The attraction of completing my 500 hour teacher training certification with my favorite teacher, Raghunath Cappo, is what lured me into signing up for the program. Traveling to India was an added bonus since I knew I would most likely never have the opportunity to travel this far ever again. Yet deep down, I also knew I needed some major me time. Every morning that I walked to that yoga shula under that star filled sky, I allowed myself to remain open to whatever that day had to teach me and offer me. And each day had so many offerings and learnings.
We immersed ourselves into the Bhagavada Gita, the Yoga Sutras, autonomy, sequencing, assisting, advanced asana/transitions, meditation, pranayama and had the honor of hearing from Radhanath Swami almost on a daily basis during our satsangs in the evening. This immersion into yoga and our disconnection from my day to day and regular stimulation—tv, radio, phone, traffic, daily hussle, etc.—allowed my mind to actually be clear for one of the first times in a very long time and I actually felt present. I felt like a sponge; taking it every piece of information and wanting to learn everything. I also felt a strong connection with the world around me.
The simpliness of living in the Eco Village was the most beautiful thing. You felt connected to everything around you—the night sky, the moon, the stars, the mountain views, the cows—the peace and stillness allowed you to magically open. One of the memories I will always take with me is the night of the full moon. We had our evening satsang on the roof deck of the building where we were staying, and as the full moon rose over the mountains, we sang and we chanted,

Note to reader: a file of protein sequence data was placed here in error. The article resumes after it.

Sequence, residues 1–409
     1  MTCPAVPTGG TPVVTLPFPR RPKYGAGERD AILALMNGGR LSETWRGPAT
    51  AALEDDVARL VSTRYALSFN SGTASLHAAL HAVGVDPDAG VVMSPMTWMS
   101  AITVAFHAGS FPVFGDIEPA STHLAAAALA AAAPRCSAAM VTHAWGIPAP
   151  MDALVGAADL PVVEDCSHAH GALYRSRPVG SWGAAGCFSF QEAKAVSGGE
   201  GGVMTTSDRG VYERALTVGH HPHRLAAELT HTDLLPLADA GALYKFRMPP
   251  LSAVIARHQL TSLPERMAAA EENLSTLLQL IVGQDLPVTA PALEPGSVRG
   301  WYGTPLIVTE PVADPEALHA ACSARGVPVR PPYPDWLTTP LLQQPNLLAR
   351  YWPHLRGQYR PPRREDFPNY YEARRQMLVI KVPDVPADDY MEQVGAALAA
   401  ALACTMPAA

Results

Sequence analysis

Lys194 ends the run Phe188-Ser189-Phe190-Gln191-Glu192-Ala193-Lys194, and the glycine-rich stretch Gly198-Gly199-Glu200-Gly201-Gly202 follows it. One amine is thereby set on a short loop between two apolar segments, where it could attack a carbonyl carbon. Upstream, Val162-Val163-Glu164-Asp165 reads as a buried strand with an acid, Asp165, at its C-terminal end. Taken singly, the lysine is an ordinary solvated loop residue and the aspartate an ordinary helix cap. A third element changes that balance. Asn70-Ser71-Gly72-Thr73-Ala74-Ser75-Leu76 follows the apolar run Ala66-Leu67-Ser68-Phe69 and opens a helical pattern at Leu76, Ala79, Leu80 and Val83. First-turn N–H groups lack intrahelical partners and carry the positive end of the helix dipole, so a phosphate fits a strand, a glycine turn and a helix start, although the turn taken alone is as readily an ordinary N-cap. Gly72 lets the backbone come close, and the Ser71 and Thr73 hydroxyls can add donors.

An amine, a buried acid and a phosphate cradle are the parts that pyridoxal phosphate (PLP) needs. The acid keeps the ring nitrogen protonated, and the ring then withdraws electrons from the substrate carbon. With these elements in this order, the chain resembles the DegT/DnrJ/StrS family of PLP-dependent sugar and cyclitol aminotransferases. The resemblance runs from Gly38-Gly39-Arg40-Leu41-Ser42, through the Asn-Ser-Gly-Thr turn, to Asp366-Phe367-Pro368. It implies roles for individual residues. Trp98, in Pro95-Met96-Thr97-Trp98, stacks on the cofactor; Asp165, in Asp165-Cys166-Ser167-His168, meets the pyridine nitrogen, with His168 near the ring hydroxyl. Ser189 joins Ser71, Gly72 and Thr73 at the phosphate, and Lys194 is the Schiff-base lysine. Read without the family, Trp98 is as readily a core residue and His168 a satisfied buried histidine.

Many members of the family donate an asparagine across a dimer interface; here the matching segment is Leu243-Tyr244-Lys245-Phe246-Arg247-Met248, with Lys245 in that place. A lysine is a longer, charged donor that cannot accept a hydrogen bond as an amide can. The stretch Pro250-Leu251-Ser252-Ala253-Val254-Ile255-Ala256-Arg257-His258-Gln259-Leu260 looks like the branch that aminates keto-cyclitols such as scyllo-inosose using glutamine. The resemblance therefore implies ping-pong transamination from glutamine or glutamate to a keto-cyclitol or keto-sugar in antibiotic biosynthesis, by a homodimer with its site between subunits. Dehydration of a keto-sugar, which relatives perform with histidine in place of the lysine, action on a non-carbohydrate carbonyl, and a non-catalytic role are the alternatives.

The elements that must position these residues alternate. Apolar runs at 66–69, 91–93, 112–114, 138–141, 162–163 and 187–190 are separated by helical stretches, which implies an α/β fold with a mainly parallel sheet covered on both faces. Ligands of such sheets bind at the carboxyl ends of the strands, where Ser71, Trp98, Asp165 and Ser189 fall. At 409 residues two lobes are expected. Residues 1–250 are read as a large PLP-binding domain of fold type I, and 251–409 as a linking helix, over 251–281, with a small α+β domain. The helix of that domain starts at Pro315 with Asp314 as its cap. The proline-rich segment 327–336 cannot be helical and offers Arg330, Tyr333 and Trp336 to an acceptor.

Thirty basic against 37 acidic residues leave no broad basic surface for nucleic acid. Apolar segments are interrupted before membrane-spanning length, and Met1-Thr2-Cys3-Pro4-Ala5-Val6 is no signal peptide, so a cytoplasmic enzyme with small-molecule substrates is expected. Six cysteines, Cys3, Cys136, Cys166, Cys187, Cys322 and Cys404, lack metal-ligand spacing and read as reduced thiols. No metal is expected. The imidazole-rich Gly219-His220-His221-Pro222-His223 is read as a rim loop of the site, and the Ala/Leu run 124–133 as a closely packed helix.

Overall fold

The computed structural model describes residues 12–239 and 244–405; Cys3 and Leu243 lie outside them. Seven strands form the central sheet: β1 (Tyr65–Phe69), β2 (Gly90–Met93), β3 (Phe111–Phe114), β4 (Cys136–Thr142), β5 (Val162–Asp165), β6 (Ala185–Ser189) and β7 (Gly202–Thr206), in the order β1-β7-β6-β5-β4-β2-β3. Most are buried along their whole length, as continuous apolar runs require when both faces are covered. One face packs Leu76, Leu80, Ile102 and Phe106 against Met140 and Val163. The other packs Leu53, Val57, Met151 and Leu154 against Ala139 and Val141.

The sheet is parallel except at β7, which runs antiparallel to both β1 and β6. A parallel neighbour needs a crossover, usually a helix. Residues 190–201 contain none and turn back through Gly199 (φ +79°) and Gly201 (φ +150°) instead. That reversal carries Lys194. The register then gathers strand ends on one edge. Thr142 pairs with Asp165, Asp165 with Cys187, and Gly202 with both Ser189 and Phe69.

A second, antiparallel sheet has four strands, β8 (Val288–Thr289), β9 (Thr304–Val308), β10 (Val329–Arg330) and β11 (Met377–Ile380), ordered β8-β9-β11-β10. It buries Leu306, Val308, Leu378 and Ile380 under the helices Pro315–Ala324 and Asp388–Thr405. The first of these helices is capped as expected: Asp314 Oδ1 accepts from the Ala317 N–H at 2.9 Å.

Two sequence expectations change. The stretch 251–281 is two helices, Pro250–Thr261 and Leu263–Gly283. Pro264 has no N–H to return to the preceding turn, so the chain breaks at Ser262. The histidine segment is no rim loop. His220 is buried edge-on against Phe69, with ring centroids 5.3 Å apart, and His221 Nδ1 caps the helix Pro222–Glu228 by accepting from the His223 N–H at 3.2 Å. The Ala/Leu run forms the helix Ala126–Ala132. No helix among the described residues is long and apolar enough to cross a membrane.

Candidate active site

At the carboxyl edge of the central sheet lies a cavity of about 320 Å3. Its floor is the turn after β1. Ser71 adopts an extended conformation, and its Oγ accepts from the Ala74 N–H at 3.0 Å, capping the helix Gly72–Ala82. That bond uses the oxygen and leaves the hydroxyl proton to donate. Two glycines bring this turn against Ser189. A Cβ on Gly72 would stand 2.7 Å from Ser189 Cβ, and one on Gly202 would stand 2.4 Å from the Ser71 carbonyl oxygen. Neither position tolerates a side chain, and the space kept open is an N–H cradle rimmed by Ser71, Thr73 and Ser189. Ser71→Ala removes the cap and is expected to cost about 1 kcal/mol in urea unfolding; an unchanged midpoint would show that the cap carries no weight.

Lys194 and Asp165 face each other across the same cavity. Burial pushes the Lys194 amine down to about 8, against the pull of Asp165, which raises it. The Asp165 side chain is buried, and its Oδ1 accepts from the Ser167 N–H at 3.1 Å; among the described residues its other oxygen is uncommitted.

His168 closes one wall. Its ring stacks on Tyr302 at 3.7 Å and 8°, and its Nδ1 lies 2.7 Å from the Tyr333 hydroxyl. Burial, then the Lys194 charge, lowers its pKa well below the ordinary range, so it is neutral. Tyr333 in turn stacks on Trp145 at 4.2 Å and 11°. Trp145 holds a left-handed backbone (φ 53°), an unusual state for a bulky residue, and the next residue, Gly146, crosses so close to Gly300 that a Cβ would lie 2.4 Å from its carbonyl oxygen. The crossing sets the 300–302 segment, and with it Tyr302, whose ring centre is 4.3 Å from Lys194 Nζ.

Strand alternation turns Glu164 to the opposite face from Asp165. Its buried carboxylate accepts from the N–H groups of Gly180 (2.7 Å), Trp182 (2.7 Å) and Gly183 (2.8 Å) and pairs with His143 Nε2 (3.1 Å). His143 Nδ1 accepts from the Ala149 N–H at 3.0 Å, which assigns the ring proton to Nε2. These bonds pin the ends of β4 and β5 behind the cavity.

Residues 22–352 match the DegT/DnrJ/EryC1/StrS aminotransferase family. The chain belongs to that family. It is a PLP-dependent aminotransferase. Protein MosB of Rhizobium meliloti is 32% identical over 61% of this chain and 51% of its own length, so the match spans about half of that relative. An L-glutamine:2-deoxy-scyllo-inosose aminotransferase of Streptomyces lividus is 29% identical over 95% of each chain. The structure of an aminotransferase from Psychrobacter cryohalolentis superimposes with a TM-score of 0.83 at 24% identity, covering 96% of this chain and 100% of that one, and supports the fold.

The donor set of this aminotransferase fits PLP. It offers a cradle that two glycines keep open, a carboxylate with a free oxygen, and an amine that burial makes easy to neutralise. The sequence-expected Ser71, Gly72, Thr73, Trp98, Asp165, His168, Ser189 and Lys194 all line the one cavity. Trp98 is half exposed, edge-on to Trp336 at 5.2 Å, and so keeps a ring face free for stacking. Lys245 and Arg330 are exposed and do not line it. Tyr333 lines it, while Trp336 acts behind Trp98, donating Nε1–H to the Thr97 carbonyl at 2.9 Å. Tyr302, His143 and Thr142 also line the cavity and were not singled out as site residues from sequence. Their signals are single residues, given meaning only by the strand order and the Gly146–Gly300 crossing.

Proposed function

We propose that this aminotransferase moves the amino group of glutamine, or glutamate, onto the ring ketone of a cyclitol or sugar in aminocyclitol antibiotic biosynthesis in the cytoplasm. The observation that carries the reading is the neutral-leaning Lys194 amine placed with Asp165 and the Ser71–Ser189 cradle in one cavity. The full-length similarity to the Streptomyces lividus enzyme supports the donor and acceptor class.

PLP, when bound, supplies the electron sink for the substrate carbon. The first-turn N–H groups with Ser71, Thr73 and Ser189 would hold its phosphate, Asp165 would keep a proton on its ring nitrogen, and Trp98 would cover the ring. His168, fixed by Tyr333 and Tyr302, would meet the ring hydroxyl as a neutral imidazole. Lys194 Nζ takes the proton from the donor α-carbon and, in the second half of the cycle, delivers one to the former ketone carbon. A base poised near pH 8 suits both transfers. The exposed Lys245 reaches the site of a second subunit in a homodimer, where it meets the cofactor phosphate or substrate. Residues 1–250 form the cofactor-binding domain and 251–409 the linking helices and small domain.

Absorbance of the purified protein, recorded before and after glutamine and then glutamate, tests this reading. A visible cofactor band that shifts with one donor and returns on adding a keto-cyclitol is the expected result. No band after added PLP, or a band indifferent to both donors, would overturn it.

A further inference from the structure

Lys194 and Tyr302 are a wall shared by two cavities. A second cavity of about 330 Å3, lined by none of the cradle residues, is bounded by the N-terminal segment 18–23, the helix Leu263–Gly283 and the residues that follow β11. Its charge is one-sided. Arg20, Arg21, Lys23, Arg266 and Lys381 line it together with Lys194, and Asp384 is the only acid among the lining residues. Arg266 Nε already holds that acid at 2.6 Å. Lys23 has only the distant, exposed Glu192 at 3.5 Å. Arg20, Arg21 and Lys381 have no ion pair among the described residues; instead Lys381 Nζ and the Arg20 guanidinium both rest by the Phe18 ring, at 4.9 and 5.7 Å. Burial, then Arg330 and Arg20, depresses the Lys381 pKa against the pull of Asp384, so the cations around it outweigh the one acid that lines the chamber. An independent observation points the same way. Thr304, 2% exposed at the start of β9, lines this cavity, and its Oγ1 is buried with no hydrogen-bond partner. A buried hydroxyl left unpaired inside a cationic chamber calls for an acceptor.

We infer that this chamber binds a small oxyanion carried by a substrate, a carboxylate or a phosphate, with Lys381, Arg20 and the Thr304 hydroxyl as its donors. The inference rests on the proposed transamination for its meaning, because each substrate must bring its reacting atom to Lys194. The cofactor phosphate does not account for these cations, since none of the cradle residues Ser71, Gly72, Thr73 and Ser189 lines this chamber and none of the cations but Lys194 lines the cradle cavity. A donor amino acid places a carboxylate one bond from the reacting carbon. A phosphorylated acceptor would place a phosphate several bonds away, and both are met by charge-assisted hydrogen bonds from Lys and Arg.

“Hare Krisha, hare Krishna,
hare rama, hare rama,
rama, rama, hare.”
As we chanted those words I just kept reminding myself to keep disconnecting to connect. To trust that whatever is meant to be, will be. To never forget the power of finding stillness in the self to exist in a higher state of mind.
This higher state followed me right through the course of my training and even back to Mumbai where I spent my last day in India. Part of our graduation was participating in the annual flower festival hosted at the Radha Gopinath temple by Radhanath Swami. We spent the morning of festival plucking the pedals off of more than 3,000 pounds of flowers as Radhanath Swami spoke about the power of oneness and the power of love. Then that night, we headed back to the temple for kirtan as thousands of pounds of flowers were showered on us. It was such an incredible experience. The beauty of the flowers and the music, and being in the presence of a diverse community of people all united together, left me completely speechless at times with tears in my eyes and then at other times made me giddy and full of laughter. The energy in the room was indescribable. And that was my last night in India.
The next morning everyone met for breakfast and we all said our goodbyes. It was such a tough day. To have spent over three and half weeks with each of these individuals for more than 13 hours per day and then to say goodbye was devastating. I truly met the most incredible people and it was so sad to think that we would most likely not all be together again.
This thought still gets me so sad as I write this blog post. The people that we surround ourselves with is so important—they can either bring out the best in us or the worst in us—and to have had such an incredible experience with these people that inspired me to be the best I can be, I’m forever grateful.
I might not still be in India in the magical place of Govardhan Village with my amazing SuperSoul yogi’s but every time I play my harmonium and sing,
“hare Krishna, hare Krishna,
hare, hare, hare rama,
I’m able to go right back to that place in those moments—chanting before the sunrise, sitting and listening to satsang in the evening, playing harmonium under the moon light with the Radharani orchestra, or dancing at the flower festival. It will forever remind me to stay open, to be authentic and to trust whatever will be, will be.
Namaste yogis 🙂